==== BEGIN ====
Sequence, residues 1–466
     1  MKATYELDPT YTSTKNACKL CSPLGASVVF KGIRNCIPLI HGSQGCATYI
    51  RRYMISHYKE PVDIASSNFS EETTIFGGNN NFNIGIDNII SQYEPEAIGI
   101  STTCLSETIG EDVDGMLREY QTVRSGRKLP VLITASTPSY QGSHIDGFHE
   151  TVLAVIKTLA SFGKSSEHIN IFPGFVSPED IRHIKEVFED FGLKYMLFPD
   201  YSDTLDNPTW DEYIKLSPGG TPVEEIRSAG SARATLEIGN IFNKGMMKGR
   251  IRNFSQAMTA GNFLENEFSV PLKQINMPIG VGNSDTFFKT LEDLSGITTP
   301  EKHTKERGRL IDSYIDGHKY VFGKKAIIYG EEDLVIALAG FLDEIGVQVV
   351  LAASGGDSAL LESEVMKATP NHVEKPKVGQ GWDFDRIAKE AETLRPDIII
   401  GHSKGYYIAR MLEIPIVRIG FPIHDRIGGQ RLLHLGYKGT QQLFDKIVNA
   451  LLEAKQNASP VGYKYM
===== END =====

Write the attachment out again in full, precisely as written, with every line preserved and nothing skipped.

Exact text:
Sequence, residues 1–466
     1  MKATYELDPT YTSTKNACKL CSPLGASVVF KGIRNCIPLI HGSQGCATYI
    51  RRYMISHYKE PVDIASSNFS EETTIFGGNN NFNIGIDNII SQYEPEAIGI
   101  STTCLSETIG EDVDGMLREY QTVRSGRKLP VLITASTPSY QGSHIDGFHE
   151  TVLAVIKTLA SFGKSSEHIN IFPGFVSPED IRHIKEVFED FGLKYMLFPD
   201  YSDTLDNPTW DEYIKLSPGG TPVEEIRSAG SARATLEIGN IFNKGMMKGR
   251  IRNFSQAMTA GNFLENEFSV PLKQINMPIG VGNSDTFFKT LEDLSGITTP
   301  EKHTKERGRL IDSYIDGHKY VFGKKAIIYG EEDLVIALAG FLDEIGVQVV
   351  LAASGGDSAL LESEVMKATP NHVEKPKVGQ GWDFDRIAKE AETLRPDIII
   401  GHSKGYYIAR MLEIPIVRIG FPIHDRIGGQ RLLHLGYKGT QQLFDKIVNA
   451  LLEAKQNASP VGYKYM